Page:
Karkoff is an updated version of DNSpionage, a backdoor Trojan that uses DNS tunneling for communicating with its threat actor's Command & Control server. Although it contains various, structural and feature-based changes, its payload's aim remains giving backdoor access to remote attackers for monitoring the system, controlling it, and collecting information. As defenses, let your anti-malware products eliminate Karkoff appropriately and monitor your DNS logs for possible signs of unsafe traffic.
DNSpionage Takes Up a New Name to Go with New Features
After compromising some of the fundamental pillars of the worldwide Web's very infrastructure, DNSpionage's threat actors are neither satisfied nor finished. A new version DNSpionage is deploying itself against similar targets around the Middle East, including the UAE and Lebanon. This version, Karkoff boasts of both additions and subtractions, for an overall, more-focused effort than that of its predecessor.
Karkoff, like DNSpionage, is a backdoor Trojan and uses similar, DNS exploit-based methods of hiding its C&C communications with its threat actors. Some of the alterations of interest that malware analysts could confirm in Karkoff include various changes to the disguises of its components. For example, the scheduled task that loads Karkoff is a fake updater for Microsoft's OneDrive backup service.
However, Karkoff's features aren't for hiding from users solely, but also, from their security solutions. These internal alterations consist of a change from a Wikipedia to a GitHub copycat C&C page, and a different configuration setup that's specifically for Avira and Avast-protected environments. It also removes its debugging mode, which could be a way of reducing its footprint. The overall result is a more streamlined and narrower-focused Trojan that's better at hiding than the DNSpionage of before.
Turning Karkoff's Spying Back against Itself
Besides all of its feature-oriented and structural changes, Karkoff's self-defenses include a scouting phase where the threat actors collect system information before making further decisions on how to proceed with attacking. However, the great irony is that one of its updated function can be helpful to any victims by 'spilling the beans' on its payload and behavior incredibly. A newly-utilized, self-logging feature will generate a file that contains a complete history of all of the attacks that Karkoff launches on the system. Users with access to the log (an 'MSEx_log.txt' in Windows\Temp) would have a treasure trove of data for helping determine the damages of Karkoff's infection.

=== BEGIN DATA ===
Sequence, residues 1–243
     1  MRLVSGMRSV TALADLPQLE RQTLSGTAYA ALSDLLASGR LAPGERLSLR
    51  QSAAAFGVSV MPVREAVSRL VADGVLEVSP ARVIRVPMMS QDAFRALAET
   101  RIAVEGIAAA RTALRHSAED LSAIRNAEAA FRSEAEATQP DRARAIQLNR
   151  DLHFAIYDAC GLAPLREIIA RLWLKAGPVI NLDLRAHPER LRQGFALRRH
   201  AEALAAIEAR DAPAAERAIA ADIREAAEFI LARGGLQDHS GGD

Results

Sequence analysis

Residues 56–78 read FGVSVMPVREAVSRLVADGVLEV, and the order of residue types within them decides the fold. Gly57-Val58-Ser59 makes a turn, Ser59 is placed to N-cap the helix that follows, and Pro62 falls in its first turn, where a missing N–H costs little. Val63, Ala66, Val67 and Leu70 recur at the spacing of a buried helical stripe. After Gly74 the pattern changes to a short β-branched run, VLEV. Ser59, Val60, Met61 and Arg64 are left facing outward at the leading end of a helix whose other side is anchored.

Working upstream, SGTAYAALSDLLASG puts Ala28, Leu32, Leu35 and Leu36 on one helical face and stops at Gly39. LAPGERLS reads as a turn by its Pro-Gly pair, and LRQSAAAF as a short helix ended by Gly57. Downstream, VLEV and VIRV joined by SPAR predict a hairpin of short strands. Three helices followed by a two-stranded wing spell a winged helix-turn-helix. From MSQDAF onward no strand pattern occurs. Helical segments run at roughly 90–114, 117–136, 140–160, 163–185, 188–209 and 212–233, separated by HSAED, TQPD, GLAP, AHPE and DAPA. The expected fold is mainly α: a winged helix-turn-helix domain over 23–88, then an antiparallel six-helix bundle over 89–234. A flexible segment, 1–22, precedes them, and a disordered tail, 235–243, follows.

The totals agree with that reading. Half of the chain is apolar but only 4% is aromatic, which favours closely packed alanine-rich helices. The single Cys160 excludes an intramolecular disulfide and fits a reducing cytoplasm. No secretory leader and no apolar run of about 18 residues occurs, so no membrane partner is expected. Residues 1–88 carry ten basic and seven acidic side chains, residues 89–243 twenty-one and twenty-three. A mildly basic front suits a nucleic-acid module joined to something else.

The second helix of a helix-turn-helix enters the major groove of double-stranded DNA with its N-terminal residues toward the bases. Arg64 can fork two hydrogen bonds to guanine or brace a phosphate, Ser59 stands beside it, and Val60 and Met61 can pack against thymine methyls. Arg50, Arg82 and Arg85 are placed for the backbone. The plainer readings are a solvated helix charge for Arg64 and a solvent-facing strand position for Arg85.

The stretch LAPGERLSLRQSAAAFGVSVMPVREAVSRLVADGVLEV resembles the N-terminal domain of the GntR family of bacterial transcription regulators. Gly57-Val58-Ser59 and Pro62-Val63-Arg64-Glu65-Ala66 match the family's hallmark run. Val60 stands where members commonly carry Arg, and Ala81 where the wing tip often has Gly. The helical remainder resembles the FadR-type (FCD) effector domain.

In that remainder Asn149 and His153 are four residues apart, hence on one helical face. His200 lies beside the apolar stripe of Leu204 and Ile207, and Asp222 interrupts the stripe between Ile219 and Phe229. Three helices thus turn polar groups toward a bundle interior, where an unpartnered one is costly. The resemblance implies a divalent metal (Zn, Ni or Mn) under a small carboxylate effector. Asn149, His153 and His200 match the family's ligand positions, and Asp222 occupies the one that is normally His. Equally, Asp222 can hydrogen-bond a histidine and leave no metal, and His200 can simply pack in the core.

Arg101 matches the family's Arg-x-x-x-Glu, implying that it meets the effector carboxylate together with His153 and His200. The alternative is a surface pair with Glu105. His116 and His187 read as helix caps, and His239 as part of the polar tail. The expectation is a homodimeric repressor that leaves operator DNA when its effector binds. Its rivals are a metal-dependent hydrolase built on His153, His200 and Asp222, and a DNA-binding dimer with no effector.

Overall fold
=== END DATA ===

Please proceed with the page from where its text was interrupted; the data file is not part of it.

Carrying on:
While the wisdom of Karkoff's recording its behavior for posterity is questionable for any backdoor Trojan, it does nothing for disarming the severity of its attacks against already-compromised Windows computers. Most Windows environments with .NET Framework compatibility are at risk from Karkoff, just the same as with DNSpionage. Middle Eastern governments and corporations are at high risk.
Most security solutions should detect the network activity that this Trojan generates and identify its C&C. Beyond employing network-monitoring tools and protocols like strict firewalls, users can protect themselves by having anti-malware software available and updated for removing Karkoff correctly.
Karkoff is revealing about some of its features strangely and includes no obfuscation that prevents malware experts or the rest of the security industry, from analyzing its code. This Trojan update is a case of stealth that's concentrating on the victims and hoping that it can hide long enough to accomplish its goals.
Use SpyHunter to Detect and Remove PC Threats
If you are concerned that malware or PC threats similar to Karkoff may have infected your computer, we recommend you start an in-depth system scan with SpyHunter. SpyHunter is an advanced malware protection and remediation application that offers subscribers a comprehensive method for protecting PCs from malware, in addition to providing one-on-one technical support service.
Why can't I open any program including SpyHunter? You may have a malware file running in memory that kills any programs that you try to launch on your PC. Tip: Download SpyHunter from a clean computer, copy it to a USB thumb drive, DVD or CD, then install it on the infected PC and run SpyHunter's malware scanner.